In the agricultural communities of ancient Europe whose early condition is best known to us, the course of things was different. These, at their origin, were mostly small town-communities, at the first plantation of which, in an unoccupied country, or in one from which the former inhabitants had been expelled, the land which was taken possession of was regularly divided, in equal or in graduated allotments, among the families composing the community. In some cases, instead of a town there was a confederation of towns, occupied by people of the same reputed race, and who were supposed to have settled in the country about the same time. Each family produced its own food and the materials of its clothing, which were worked up within itself, usually by the women of the family, into the coarse fabrics with which the age was contented. Taxes there were none, as there were either no paid officers of government, or if there were, their payment had been provided for by a reserved portion of land, cultivated by slaves on account of the state; and the army consisted of the body of citizens. The whole produce of the soil, therefore, belonged, without deduction, to the family which cultivated it. So long as the progress of events permitted this disposition of property to last, the state of society was, for the majority of the free cultivators, probably not an undesirable one; and under it, in some cases, the advance of mankind in intellectual culture was extraordinarily rapid and brilliant. This more especially happened where, along with advantageous circumstances of race and climate, aod no doubt with many favourable accidents of which all trace iB now lost, was combined the advantage of a position on the shores of a great inland sea, the other coasts of which were already occupied by settled communities. The knowledge which in such a position was acquired of foreign productions, and the easy access of foreign ideas and inventions, made the chain of routine, usually so strong in a rude people, hang loosely on these communities. To speak only of their industrial development; they early acquired variety of wants and desires, which stimulated them to extract from their own soil the utmost which they knew how to make it yield; and when their soil was sterile, or after they had reached the limit of its capacity, they often became traders, and bought up the productions of foreign countries, to sell them in other countries with a profit.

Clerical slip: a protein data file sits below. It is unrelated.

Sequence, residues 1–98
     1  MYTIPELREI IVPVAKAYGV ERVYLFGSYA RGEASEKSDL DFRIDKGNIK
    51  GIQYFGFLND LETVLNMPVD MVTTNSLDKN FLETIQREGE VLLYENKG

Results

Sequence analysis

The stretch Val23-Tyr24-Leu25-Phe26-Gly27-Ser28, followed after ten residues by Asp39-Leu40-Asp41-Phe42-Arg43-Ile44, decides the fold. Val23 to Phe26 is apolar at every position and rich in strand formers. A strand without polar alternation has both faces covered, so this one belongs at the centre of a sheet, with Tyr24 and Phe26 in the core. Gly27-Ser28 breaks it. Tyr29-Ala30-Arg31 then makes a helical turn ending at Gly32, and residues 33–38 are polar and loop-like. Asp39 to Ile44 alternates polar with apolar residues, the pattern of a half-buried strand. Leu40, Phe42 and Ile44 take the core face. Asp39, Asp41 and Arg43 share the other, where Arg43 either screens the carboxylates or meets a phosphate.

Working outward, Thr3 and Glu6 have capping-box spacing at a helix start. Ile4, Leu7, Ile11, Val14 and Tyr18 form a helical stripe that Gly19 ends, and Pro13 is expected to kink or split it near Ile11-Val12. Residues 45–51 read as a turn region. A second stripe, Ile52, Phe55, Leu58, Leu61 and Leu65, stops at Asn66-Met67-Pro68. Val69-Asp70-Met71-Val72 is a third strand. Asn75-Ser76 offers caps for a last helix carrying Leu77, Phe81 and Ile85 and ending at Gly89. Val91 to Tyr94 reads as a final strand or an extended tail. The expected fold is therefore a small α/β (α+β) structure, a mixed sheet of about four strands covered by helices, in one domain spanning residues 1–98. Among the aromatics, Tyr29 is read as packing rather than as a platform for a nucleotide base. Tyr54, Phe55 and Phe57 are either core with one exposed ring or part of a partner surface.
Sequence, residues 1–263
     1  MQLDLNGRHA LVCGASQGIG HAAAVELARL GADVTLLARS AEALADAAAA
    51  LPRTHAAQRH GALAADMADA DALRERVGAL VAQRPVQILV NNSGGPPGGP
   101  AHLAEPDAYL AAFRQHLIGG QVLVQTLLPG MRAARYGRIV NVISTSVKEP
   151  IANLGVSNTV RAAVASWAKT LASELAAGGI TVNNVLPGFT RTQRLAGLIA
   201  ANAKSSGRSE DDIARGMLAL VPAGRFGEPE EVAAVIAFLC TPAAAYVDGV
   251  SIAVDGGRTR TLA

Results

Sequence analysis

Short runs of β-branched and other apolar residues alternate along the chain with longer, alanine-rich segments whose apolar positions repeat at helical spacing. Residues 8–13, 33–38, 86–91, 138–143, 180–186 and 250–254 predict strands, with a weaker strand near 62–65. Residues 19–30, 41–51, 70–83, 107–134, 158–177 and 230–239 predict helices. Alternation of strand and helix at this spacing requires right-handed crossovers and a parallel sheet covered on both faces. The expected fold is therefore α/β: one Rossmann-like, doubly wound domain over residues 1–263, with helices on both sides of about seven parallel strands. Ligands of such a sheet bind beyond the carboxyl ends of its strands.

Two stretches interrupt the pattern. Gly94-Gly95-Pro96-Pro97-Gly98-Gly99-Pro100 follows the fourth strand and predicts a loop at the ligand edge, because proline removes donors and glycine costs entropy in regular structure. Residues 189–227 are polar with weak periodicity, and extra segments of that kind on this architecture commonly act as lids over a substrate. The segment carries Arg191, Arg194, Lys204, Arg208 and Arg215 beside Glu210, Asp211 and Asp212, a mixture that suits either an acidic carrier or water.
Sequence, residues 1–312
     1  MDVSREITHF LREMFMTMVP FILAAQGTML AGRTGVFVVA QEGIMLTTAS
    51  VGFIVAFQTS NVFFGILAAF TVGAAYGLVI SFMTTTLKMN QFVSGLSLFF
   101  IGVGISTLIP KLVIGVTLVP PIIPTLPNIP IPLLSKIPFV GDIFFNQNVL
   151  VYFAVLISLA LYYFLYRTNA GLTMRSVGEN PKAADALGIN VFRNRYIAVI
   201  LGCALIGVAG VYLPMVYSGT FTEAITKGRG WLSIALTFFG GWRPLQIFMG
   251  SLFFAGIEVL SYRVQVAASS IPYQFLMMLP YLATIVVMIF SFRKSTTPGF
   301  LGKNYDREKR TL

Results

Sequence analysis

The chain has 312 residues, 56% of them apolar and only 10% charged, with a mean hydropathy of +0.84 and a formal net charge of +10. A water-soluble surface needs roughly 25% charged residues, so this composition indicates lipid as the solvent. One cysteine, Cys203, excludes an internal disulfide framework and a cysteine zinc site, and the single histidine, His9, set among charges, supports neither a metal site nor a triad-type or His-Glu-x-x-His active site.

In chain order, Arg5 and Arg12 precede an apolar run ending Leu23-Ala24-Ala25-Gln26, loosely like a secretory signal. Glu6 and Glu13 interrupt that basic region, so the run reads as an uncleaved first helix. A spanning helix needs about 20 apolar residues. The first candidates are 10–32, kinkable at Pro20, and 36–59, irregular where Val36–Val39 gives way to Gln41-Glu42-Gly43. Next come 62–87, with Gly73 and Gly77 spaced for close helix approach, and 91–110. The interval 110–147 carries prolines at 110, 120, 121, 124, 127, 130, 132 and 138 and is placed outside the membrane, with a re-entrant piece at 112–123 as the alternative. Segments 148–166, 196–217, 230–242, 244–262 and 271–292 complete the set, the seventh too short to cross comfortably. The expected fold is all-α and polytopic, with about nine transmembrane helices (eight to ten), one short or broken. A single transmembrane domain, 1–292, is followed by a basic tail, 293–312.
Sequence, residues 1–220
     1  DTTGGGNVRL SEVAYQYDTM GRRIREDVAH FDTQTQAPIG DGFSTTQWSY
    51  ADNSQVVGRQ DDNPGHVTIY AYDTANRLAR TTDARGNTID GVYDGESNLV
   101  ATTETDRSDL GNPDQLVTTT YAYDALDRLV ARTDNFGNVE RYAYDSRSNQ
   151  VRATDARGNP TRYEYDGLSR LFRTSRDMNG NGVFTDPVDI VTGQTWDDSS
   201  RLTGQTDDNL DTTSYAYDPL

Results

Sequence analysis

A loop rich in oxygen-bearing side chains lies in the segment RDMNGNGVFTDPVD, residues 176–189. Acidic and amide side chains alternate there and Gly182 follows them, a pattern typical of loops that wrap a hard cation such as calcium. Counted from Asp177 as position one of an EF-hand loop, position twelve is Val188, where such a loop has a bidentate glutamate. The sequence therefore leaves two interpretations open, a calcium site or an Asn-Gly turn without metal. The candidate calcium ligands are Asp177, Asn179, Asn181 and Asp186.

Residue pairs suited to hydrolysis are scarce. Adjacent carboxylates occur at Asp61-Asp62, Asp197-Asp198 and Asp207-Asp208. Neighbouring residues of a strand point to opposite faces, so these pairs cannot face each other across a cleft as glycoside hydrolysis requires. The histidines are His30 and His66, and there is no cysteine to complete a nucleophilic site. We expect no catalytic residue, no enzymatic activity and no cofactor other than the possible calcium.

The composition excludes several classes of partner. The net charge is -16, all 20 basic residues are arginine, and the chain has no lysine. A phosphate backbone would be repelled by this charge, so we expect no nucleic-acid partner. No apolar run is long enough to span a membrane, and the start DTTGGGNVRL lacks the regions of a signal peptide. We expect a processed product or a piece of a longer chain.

The duration, however, of this state of things was from the first precarious. These little communities lived in a state of almost perpetual war. For this there were many causes. In the ruder and purely agricultural communities a frequent cause was the mere pressure of their increasing population upon their limited land, aggravated as that pressure so often was by deficient harvests in the rude state of their agriculture, and depending as they did for food upon a very small extent of country. On these occasions, the community often emigrated in a body, or sent forth a swarm of its youth, to seek, sword in hand, for some less warlike people, who could be expelled from their tana, or detained to cultivate it as